Posted on 26 June '14 by , under Money.
There are many advantages associated with having a specialised business banking account. It allows you to keep track of your cash flow accurately, easily produce proof of expenses in the event of an audit and can be helpful when making business decisions.
Unfortunately, it is hard to avoid fees on small business banking accounts. It is often worth taking a close look at the business banking products on offer and considering whether it might be in your best interests to pay slightly higher fees to ensure that you have all of the functionality that you require.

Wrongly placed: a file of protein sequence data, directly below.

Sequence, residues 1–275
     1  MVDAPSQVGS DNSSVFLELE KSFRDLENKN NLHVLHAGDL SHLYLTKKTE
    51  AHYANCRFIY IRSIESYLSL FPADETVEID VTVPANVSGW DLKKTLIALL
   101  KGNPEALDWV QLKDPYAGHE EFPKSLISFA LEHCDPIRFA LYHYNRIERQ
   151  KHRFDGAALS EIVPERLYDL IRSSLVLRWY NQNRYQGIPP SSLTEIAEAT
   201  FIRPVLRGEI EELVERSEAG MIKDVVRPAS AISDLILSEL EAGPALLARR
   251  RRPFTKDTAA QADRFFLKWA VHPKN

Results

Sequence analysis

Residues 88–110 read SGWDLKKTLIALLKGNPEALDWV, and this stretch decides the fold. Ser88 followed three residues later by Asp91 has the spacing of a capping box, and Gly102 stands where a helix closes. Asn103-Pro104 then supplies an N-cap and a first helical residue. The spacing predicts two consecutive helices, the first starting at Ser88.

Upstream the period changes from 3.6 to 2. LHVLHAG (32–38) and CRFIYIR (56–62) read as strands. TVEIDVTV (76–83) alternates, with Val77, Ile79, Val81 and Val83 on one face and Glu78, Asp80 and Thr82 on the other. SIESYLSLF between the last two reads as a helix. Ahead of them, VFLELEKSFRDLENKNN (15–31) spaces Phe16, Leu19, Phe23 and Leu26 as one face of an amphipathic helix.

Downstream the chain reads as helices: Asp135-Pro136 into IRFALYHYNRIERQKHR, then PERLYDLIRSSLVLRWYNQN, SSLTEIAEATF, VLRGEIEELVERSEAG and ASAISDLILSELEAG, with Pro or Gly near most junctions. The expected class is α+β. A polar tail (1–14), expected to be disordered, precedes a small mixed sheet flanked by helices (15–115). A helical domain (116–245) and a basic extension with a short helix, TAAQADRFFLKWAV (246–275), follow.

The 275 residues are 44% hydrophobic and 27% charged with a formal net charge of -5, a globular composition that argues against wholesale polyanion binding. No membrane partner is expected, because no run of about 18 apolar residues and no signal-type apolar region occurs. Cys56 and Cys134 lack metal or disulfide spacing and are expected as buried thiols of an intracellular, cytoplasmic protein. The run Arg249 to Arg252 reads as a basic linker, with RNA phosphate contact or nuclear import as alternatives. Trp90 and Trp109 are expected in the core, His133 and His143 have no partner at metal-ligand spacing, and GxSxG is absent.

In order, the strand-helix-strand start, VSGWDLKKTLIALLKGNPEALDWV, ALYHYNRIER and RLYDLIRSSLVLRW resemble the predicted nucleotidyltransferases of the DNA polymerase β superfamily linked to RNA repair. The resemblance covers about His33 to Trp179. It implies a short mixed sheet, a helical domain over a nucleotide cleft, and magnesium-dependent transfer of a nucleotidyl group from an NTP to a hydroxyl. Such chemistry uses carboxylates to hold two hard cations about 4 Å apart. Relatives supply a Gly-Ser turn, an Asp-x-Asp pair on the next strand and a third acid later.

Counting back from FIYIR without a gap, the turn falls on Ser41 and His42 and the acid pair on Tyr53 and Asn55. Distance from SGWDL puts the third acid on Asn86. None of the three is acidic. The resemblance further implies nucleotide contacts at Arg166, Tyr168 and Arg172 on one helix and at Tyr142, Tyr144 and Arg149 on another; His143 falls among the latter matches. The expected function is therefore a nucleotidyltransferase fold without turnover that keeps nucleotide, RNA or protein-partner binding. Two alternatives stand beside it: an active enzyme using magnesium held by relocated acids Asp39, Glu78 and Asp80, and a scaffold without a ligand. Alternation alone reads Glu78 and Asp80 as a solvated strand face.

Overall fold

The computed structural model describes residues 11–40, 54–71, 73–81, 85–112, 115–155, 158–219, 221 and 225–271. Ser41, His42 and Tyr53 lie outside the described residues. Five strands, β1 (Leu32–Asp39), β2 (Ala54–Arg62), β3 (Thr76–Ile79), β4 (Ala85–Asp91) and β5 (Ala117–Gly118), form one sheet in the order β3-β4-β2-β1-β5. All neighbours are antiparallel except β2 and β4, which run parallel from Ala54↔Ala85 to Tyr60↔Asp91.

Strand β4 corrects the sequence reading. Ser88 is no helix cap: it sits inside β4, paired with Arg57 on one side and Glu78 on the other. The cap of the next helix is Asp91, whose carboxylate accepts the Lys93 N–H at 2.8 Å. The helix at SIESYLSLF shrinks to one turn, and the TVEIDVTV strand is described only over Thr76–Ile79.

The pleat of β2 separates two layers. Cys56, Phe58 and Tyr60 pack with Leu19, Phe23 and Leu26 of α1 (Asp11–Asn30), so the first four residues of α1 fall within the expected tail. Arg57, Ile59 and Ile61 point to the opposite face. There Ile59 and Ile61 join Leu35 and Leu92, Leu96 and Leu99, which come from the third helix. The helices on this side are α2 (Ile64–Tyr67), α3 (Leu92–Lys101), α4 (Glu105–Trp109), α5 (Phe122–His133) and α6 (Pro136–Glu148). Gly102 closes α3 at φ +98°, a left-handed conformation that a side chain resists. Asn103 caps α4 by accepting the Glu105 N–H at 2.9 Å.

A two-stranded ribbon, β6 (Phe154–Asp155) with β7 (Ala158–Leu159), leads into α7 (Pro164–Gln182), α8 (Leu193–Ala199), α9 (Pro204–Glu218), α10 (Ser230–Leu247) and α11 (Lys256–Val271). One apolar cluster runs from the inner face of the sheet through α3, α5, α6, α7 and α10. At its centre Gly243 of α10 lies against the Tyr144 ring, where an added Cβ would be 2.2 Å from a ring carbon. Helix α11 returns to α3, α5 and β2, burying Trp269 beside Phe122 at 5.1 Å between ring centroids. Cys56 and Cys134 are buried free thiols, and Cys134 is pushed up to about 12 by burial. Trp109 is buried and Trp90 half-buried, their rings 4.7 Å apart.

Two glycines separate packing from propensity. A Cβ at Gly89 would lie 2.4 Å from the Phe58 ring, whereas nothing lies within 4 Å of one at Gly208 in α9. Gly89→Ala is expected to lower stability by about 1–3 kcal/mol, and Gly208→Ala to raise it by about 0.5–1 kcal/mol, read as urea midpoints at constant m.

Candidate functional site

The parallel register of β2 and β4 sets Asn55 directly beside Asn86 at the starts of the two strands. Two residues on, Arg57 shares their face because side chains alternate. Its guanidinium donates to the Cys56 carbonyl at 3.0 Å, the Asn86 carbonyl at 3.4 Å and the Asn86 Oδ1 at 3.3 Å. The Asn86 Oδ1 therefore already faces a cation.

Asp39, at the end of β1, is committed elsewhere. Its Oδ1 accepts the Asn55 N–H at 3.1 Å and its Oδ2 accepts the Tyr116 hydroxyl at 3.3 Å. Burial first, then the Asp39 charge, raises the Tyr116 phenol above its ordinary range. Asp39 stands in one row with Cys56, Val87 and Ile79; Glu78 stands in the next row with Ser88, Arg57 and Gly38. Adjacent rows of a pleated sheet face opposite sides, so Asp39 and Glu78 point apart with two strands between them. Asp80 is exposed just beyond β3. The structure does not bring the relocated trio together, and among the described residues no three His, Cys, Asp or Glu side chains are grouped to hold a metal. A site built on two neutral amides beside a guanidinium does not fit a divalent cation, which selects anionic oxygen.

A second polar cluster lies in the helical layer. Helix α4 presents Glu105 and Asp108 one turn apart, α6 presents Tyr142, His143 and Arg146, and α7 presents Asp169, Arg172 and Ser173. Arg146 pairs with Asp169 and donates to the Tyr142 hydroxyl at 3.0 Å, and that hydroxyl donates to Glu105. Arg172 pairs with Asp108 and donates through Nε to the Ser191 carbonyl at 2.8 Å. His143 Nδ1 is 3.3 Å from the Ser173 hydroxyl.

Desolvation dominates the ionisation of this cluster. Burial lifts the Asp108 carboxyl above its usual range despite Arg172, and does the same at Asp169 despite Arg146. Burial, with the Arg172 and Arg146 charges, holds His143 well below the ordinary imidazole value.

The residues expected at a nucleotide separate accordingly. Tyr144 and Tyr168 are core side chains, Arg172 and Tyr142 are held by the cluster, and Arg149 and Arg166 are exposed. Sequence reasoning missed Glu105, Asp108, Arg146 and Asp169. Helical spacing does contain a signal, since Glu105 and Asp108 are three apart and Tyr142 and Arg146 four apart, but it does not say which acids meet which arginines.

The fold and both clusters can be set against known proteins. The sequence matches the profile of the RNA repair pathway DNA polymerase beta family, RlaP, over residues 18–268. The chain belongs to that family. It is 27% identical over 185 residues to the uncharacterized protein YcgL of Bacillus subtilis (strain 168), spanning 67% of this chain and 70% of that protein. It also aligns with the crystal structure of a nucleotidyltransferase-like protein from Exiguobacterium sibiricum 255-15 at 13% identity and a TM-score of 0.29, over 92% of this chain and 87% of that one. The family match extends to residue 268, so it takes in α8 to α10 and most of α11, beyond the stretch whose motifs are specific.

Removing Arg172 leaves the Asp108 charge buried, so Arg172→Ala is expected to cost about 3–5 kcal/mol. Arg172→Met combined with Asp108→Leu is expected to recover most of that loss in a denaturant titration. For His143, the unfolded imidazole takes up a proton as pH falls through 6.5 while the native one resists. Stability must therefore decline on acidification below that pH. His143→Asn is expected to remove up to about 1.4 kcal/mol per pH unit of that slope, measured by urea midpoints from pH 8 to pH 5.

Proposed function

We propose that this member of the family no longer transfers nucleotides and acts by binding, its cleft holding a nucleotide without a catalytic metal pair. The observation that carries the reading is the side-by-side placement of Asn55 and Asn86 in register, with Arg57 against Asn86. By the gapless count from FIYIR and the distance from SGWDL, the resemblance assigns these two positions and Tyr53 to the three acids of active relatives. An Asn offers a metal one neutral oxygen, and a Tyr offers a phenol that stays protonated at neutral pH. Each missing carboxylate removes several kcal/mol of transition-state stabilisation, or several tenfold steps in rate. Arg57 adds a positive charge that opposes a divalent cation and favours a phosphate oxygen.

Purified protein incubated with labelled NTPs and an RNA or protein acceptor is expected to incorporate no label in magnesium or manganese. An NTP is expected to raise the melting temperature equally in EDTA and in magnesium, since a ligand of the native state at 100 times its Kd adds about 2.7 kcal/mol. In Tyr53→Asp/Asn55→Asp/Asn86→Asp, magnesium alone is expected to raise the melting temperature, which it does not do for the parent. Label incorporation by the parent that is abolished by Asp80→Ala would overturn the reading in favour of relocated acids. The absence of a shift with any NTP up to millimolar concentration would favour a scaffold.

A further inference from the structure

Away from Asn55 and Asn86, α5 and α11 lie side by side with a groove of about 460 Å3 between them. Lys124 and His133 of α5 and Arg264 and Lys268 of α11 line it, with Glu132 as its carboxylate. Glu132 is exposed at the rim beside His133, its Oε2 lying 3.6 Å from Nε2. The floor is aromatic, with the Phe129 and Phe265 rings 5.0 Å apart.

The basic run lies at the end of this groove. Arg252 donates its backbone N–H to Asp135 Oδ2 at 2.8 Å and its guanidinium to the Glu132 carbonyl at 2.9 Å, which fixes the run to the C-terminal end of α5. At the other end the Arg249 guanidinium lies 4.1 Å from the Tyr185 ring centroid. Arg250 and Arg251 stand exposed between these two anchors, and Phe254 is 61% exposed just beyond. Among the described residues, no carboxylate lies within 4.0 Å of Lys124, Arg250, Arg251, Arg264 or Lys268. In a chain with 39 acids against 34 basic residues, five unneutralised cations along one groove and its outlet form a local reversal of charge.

Generally speaking there is a trade-off between a high interest rate and low fees, you cannot have both. High interest accounts tend to have a cap on the number of transactions that can be made, with additional fees being charged if you need to make additional transactions.
If you are diligent enough to keep separate business banking accounts then the best strategy can be to have two accounts. One can be used for day to day transactions and will attract little interest. The other can be a high interest account in which you put aside larger sums of money, for example, your PAYG or super contributions.
Take the time to examine the fee schedule associated with the account you are considering. Many banks do have hidden fees, such as a charge for a teller operation or annual business credit card fees.